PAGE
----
During its early years New Zealand First had a large number of members resigning, and number of other internal party disputes. In particular, the party organisation continued to be unstable. According to Laugesen, writing in 1997, 'Of NZF's original management committee of seven, only Mr Woolerton and Mr Peters are still members, let alone actively involved in the party' (Laugesen, 31 Aug 1997: p.C2). The dissenting ex-members all left the party. [Read more below]
The internal critics included Ian and Cheryl Shearer, Terry Heffernan, Rex Widerstrom, David Stevenson and Mr McKenzie, Neil Atwood (Peters' Tauranga campaign manager), Judith Surgeoner (the former Liberals party chair), Roly Hammond (Peters’ campaign chairman), and Malcolm Wright (another ex-Liberals Party stalwart) – all of whom had been involved with the party since its early days in 1993.
Winston Peters’ falling out with Ian and Cheryl Shearer was particularly messy. Cheryl Shearer had worked as Peters’ office manager in Parliament. According to Hames, ‘In the space of two days Cheryl Shearer left her job and Ian Shearer resigned from the party. Both had concerns about the running of Peters' Parliamentary office (Hames, 1995: pp.219-220). The Shearers ‘alleged financial impropriety within Peters' parliamentary offices and the gross misuse of parliamentary mail and travel privileges. A subsequent internal investigation failed to substantiate these claims but the whole incident left an unpleasant odour' (Laws, 1998: p.295).
Another series of defections occurred in the run-up to the 1996 general election, after some of the party’s long-serving parliamentary staff were demoted or ostracised and ‘a significant number of relatively new members were given high places on the party's list' (Boston and McLeay, 1998: pp.217-218). In particular, Rex Wilderstrom and David Stevenson had been employed in the party’s parliamentary unit, and were first sidelined within that structure after Michael Laws joined the party. Later when the party list for the 1996 election was drawn up, they alleged that they had been the victim of an illegal process. They stated: ‘Every step in the NZ First party's procedure for selecting candidates and ranking those candidates for the party list was secret closed [sic] to the public and closed to the media despite Mr Peters' often repeated claims to having a commitment to open, accountable and transparent democratic processes’ (quoted in Evening Post, 27 Sep 1996: p.2). Subsequently, Wilderstrom and Stevenson made a complaint to the Electoral Commission and a filed a law suit against the party.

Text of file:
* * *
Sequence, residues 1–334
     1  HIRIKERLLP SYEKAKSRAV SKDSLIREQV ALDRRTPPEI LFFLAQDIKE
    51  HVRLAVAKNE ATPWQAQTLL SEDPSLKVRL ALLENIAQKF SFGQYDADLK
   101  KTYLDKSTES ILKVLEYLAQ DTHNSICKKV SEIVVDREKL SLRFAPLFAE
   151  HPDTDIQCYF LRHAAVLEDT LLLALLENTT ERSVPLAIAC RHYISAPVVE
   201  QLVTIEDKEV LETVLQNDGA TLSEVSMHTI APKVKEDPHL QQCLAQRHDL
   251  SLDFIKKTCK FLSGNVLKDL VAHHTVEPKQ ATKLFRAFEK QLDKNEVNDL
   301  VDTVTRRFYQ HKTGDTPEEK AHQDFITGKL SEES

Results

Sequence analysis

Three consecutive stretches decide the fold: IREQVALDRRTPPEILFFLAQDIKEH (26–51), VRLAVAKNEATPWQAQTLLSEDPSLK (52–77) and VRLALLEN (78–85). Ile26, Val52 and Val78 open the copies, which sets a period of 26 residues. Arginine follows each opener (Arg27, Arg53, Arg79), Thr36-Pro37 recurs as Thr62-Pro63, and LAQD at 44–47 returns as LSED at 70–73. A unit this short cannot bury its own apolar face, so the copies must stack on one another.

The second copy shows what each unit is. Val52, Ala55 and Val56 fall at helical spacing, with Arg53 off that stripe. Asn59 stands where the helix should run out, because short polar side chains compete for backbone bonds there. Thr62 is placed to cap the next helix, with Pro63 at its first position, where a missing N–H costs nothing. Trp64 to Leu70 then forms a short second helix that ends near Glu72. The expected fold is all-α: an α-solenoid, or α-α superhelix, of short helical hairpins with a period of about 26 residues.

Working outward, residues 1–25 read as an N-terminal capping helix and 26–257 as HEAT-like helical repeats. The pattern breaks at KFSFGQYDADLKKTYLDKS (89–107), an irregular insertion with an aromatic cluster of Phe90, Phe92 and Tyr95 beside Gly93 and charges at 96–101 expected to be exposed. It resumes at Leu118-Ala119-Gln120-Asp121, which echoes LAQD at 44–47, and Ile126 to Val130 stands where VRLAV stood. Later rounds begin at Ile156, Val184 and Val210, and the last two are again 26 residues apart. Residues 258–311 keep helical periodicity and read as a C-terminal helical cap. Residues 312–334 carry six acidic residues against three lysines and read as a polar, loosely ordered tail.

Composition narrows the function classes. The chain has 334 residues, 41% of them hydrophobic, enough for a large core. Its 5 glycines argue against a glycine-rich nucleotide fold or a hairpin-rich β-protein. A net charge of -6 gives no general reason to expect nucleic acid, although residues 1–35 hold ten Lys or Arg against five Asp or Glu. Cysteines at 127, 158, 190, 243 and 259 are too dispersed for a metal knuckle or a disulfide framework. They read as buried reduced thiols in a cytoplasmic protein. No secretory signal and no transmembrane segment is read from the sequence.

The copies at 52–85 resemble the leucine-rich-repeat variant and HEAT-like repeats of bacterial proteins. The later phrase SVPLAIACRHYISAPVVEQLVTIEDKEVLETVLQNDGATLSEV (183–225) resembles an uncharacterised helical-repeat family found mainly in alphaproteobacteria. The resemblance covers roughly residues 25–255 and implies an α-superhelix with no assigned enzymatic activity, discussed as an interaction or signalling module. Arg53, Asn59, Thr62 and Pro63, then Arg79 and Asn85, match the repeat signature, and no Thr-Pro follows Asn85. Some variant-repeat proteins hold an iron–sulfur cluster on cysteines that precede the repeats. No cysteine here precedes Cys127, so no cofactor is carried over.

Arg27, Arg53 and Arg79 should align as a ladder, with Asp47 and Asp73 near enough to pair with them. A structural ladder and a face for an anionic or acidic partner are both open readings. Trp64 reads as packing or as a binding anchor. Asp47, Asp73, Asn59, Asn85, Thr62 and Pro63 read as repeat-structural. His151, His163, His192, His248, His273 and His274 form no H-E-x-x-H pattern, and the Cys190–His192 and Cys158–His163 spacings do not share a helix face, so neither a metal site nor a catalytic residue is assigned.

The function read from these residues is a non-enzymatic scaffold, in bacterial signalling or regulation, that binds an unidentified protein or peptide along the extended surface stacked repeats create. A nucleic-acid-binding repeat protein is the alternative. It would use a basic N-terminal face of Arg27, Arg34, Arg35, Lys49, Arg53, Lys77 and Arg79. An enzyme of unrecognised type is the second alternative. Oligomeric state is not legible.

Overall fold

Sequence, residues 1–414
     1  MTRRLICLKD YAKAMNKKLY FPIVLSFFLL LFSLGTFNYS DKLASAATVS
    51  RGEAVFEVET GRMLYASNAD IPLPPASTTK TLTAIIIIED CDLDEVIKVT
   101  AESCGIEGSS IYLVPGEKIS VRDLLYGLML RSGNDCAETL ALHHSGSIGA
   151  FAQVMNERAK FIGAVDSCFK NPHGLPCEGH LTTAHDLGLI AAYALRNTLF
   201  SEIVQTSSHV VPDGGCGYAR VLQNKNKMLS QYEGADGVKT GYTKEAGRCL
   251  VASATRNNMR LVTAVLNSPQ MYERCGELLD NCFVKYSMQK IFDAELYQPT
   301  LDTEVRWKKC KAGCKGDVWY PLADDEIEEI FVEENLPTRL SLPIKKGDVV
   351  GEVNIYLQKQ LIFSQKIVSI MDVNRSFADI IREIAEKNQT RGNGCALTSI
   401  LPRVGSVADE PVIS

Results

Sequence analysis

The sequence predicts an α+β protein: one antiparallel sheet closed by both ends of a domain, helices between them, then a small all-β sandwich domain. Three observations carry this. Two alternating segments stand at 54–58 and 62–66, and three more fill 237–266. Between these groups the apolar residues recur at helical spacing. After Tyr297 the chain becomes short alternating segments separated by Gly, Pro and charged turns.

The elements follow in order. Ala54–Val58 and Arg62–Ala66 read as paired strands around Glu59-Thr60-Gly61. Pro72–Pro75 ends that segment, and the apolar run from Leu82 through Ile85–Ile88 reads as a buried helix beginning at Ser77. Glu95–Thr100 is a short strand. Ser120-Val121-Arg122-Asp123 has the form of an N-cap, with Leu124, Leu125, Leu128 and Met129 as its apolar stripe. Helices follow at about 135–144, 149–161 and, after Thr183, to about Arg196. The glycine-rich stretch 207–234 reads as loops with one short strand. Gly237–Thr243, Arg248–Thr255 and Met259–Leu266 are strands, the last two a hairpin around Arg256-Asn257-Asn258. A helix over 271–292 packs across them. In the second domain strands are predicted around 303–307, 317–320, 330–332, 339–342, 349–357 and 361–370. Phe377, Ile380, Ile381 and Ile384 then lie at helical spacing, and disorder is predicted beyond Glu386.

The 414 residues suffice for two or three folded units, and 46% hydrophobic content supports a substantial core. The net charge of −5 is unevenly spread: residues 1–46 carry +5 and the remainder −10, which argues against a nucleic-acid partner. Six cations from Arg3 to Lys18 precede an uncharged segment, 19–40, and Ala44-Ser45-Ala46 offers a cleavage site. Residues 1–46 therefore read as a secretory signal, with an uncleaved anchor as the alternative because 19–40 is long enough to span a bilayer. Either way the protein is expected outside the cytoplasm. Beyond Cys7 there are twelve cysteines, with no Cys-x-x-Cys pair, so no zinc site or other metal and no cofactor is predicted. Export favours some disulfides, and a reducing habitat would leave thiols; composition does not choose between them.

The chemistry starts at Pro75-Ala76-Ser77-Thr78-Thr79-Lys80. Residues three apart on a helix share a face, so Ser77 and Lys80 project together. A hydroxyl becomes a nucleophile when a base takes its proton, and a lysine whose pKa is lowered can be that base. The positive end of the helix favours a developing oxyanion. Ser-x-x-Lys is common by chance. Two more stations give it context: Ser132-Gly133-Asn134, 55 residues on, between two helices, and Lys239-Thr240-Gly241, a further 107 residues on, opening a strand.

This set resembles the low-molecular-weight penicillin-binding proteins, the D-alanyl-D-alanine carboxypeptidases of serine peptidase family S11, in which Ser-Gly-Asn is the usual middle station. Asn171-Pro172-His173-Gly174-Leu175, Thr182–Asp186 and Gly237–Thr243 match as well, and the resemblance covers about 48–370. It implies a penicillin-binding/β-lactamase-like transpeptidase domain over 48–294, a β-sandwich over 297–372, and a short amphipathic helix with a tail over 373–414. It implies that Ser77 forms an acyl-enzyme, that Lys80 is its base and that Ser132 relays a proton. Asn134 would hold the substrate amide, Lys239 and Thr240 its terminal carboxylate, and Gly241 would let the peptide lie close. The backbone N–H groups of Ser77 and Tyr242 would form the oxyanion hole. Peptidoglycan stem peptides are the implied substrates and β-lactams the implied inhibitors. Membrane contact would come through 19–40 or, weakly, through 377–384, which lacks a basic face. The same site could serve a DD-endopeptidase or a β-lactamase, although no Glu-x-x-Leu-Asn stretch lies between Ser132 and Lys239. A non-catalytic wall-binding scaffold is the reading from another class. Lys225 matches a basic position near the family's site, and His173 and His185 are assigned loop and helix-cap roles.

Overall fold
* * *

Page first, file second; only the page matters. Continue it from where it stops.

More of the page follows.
Laugesen categorised the dissenters into two groups:
NZ First's many dissenters are divided into two types. The first group, its secret dissenters, loathe the "she'll be right" figure of Mr Woolerton and see him as an imperfect instrument of Mr Peters' will…. The second group, who are irredeemably disillusioned, may have started off by blaming the leader's henchmen, but now hold Mr Peters ultimately responsible for the party's internal chaos and periodic witchhunts (Laugesen, 31 Aug 1997: p.C2).
Undoubtedly, part of the explanation for the high amount of personal dissention and personal infighting in the party comes down to the fact that the basis on which NZ First was formed and grew was that of a charismatic personality cult. As Laugesen argues, ‘With one powerful individual dominating the party, the only way individuals can get ahead is to compete for his favours and attention. Trivial wars for his affection have blossomed' (Laugesen, 31 Aug 1997: p.C2).
[This blog post is part of a series about the history of the New Zealand First party. These posts are being published following the recent decline and then defeat of the party at the 2008 general election. Little academic research has been published on the Winston Peters phenomenon, despite the fact that he and his party have been central to parliamentary politics in New Zealand since the 1980s. Although this series focuses on the early years of New Zealand First, the later years will be dealt with in the future. Considered feedback from readers is very welcome.]